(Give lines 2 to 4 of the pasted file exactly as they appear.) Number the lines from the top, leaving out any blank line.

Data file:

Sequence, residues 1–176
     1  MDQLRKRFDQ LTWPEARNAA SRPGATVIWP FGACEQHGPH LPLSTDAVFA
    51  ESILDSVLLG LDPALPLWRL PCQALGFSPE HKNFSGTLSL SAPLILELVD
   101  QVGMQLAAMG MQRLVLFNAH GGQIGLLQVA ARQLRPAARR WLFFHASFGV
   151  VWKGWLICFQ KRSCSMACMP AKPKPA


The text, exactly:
     1  MDQLRKRFDQ LTWPEARNAA SRPGATVIWP FGACEQHGPH LPLSTDAVFA
    51  ESILDSVLLG LDPALPLWRL PCQALGFSPE HKNFSGTLSL SAPLILELVD
   101  QVGMQLAAMG MQRLVLFNAH GGQIGLLQVA ARQLRPAARR WLFFHASFGV